If you ever asked yourself which is the best type of visualization for your data, The Data Visualization Catalogue could provide a guide to help you decide.
Severino Ribecca has begun the process of categorizing data visualizations based on what relationships and properties of data they show. With more than 50 types of visualizations, this catalog aims to be a comprehensive list of visualizations, depending on what you want to show.
The site has the potential to be a good reference for those looking to find the most efficient way to display data, or a new point of view to find different patterns or insights to understand what we need to communicate the meaning and the purpose of our data.
Atracktion is a visual representation of the evolution of music in about 60 years. It was presented on June 28 at Sonar, the International Festival of Advanced Music and New Media Art in Barcelona for its 22nd Edition.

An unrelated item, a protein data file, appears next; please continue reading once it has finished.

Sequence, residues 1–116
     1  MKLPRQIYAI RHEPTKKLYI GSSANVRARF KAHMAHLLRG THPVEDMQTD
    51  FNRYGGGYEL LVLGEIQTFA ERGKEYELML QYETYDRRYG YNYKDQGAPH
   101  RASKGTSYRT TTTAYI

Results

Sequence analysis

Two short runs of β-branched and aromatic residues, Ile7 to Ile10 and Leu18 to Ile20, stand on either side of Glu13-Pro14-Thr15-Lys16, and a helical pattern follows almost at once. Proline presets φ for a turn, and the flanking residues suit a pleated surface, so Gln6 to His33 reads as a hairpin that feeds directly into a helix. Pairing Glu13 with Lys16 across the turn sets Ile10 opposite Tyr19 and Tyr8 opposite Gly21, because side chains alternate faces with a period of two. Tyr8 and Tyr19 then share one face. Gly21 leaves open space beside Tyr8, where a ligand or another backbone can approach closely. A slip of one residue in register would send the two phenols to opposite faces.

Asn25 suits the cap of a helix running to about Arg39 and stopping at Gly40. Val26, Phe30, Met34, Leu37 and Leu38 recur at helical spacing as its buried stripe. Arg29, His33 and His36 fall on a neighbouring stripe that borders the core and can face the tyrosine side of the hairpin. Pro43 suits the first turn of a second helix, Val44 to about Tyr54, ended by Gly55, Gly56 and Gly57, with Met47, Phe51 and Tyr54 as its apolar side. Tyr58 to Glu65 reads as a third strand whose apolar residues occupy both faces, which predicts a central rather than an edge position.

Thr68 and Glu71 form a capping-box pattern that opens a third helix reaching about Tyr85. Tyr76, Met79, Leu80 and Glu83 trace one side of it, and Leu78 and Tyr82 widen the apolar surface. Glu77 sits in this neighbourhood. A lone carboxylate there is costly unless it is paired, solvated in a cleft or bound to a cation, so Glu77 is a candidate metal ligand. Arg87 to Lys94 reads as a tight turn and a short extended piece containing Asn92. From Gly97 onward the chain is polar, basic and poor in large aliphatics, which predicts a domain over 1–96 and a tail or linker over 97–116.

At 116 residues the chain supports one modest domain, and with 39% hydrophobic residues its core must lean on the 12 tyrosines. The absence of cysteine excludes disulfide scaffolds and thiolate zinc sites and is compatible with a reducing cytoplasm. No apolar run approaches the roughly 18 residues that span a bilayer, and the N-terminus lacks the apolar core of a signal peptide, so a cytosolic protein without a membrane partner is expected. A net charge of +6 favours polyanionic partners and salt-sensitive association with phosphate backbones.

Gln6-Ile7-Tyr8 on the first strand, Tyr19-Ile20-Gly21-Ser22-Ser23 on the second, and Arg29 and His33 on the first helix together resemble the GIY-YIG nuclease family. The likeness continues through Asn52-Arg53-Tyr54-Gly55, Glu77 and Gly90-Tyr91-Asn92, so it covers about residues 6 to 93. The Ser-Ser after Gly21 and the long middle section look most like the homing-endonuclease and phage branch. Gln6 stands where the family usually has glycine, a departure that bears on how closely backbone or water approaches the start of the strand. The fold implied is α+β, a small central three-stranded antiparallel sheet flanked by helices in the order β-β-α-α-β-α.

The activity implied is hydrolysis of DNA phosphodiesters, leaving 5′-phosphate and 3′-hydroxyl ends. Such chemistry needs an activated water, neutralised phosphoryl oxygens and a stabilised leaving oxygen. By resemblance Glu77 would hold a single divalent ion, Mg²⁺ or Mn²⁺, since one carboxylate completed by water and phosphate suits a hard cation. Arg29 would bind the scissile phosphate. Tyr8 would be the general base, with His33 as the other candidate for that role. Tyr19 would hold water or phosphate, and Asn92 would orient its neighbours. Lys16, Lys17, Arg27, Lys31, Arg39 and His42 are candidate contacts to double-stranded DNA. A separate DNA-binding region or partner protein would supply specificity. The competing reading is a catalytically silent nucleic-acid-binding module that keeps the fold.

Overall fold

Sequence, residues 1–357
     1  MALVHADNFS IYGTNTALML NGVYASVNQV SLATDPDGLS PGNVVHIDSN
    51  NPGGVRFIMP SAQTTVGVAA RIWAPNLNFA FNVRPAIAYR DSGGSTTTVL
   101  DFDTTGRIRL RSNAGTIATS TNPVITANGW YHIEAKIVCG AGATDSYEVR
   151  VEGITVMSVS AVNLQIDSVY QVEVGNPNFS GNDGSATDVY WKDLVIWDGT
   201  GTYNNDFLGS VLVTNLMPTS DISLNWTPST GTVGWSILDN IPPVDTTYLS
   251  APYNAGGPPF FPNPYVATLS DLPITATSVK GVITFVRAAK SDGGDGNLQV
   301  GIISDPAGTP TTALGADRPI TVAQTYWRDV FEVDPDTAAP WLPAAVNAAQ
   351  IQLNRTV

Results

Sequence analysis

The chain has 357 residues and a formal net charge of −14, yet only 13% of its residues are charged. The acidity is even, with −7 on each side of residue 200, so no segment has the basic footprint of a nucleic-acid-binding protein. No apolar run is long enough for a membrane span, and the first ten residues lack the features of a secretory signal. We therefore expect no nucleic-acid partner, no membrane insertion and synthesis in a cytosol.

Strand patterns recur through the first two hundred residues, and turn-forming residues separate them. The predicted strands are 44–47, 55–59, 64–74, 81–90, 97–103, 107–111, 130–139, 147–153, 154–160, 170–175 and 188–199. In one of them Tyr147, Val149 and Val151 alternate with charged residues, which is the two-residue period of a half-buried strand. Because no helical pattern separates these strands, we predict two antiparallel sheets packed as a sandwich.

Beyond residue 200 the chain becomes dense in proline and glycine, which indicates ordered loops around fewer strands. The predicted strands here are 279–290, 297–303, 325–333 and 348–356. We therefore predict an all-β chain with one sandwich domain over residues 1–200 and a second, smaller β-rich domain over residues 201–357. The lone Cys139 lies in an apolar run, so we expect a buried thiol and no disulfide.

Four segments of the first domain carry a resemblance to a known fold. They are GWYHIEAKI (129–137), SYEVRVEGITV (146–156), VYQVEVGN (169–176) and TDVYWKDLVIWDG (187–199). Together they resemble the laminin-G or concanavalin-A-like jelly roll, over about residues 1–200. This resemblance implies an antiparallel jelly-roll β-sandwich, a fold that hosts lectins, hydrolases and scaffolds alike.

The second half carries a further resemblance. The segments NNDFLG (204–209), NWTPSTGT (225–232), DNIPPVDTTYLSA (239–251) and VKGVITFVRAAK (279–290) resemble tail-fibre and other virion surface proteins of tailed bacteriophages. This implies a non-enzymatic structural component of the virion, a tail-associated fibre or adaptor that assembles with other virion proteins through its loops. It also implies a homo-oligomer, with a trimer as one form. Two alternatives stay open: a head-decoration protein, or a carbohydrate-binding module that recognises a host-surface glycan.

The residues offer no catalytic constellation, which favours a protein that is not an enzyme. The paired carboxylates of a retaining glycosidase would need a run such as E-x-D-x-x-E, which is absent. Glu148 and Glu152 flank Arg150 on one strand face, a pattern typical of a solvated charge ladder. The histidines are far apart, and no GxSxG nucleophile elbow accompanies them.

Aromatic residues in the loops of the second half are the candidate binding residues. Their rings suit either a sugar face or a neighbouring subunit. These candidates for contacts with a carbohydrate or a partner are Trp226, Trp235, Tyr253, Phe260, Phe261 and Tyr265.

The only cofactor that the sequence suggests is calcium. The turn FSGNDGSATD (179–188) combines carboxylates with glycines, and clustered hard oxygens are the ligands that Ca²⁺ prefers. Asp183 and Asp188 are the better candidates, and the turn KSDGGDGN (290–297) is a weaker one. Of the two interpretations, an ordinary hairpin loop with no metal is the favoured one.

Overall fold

We started with the Whitburn Project dataset, a collective effort to gather historical weekly music rankings published by the Billboard company (the project is now collected into the Bullfrog charts). Using publicly available sales data for selected weeks and years, we were able to estimate the percentage of sales for each song in the list –– that is, we converted ranking information into percentage of sales data.
The original database contained only partial information about the genre of each song. To find this, we automatically searched and parsed thousands of Wikipedia articles, collecting data about the genre (or genres) that people have assigned to each song. With this we were now able to estimate the percentage of sales of each musical genre and subgenre. (Note that the popularity of songs considered in two or more genres was split among them).
For the global number of recorded music sales in the US we use the estimations of the TsorT World Music Charts compilations.